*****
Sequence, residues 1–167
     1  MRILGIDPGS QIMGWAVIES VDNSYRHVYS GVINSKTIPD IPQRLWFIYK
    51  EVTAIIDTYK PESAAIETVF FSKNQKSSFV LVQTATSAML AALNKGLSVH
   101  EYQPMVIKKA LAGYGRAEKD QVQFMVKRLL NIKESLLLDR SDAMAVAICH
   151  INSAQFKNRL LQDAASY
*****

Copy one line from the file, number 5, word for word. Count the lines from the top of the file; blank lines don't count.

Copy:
   151  INSAQFKNRL LQDAASY